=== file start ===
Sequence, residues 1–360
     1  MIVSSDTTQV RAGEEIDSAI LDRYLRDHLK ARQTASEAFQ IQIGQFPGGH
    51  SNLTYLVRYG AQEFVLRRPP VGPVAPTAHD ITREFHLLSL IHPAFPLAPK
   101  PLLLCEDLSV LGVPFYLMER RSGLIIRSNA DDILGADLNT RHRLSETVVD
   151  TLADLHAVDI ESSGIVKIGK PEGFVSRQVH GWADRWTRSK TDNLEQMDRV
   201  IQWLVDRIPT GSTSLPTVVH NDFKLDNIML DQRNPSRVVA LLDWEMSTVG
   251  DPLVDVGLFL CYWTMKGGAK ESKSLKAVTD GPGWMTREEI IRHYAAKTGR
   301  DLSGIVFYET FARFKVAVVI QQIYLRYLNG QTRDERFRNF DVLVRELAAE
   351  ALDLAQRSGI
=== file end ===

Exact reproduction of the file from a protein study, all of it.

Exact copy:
Sequence, residues 1–360
     1  MIVSSDTTQV RAGEEIDSAI LDRYLRDHLK ARQTASEAFQ IQIGQFPGGH
    51  SNLTYLVRYG AQEFVLRRPP VGPVAPTAHD ITREFHLLSL IHPAFPLAPK
   101  PLLLCEDLSV LGVPFYLMER RSGLIIRSNA DDILGADLNT RHRLSETVVD
   151  TLADLHAVDI ESSGIVKIGK PEGFVSRQVH GWADRWTRSK TDNLEQMDRV
   201  IQWLVDRIPT GSTSLPTVVH NDFKLDNIML DQRNPSRVVA LLDWEMSTVG
   251  DPLVDVGLFL CYWTMKGGAK ESKSLKAVTD GPGWMTREEI IRHYAAKTGR
   301  DLSGIVFYET FARFKVAVVI QQIYLRYLNG QTRDERFRNF DVLVRELAAE
   351  ALDLAQRSGI